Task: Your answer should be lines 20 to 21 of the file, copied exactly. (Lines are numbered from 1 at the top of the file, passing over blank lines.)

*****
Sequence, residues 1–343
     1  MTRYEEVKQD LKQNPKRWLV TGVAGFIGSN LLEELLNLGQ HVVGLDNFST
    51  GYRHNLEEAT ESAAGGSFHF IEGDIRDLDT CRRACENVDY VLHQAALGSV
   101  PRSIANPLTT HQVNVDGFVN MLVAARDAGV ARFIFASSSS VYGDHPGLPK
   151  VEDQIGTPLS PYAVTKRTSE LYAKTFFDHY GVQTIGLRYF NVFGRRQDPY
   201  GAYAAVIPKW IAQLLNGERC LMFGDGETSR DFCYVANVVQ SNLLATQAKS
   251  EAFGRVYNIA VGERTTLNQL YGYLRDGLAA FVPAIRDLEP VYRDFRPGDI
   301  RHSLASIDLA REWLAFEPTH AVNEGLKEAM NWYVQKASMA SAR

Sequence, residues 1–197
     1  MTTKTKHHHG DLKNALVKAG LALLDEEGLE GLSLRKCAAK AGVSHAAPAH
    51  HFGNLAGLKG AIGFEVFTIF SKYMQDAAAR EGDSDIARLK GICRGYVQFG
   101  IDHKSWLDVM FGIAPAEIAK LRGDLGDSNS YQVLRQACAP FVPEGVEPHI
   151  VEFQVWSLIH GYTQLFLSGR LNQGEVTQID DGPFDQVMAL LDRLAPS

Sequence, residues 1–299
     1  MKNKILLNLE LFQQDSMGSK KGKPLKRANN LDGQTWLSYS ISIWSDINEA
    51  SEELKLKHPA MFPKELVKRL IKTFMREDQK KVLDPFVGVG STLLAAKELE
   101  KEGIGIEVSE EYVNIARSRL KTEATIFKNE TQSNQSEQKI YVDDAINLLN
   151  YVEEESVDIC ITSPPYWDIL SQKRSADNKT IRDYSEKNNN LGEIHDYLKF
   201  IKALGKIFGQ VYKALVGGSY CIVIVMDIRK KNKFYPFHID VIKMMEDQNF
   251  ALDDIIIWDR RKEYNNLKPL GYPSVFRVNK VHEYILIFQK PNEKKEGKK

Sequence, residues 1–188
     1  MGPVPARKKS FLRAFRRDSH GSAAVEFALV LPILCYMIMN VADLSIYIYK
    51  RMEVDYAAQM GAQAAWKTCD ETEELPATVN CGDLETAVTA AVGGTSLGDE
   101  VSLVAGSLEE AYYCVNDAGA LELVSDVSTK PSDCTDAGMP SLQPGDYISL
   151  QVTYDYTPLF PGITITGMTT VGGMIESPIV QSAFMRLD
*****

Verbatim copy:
   251  ALDDIIIWDR RKEYNNLKPL GYPSVFRVNK VHEYILIFQK PNEKKEGKK

Sequence, residues 1–188